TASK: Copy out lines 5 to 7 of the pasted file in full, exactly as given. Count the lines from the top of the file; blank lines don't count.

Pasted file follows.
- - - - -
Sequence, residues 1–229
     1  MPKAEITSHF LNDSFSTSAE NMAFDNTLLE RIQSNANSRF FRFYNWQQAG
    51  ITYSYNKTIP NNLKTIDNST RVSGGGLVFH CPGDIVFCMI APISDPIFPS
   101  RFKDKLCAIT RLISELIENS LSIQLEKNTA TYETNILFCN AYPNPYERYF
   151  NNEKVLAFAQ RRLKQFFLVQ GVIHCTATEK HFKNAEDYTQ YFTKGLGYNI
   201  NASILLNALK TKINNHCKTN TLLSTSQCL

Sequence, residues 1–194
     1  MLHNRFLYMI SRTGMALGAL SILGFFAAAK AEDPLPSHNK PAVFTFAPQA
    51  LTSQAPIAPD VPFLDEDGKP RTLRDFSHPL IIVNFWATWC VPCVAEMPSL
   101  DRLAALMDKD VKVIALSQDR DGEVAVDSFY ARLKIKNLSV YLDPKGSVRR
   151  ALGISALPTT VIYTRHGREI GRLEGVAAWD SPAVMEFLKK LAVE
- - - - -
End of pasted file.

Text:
   151  NNEKVLAFAQ RRLKQFFLVQ GVIHCTATEK HFKNAEDYTQ YFTKGLGYNI
   201  NASILLNALK TKINNHCKTN TLLSTSQCL

Sequence, residues 1–194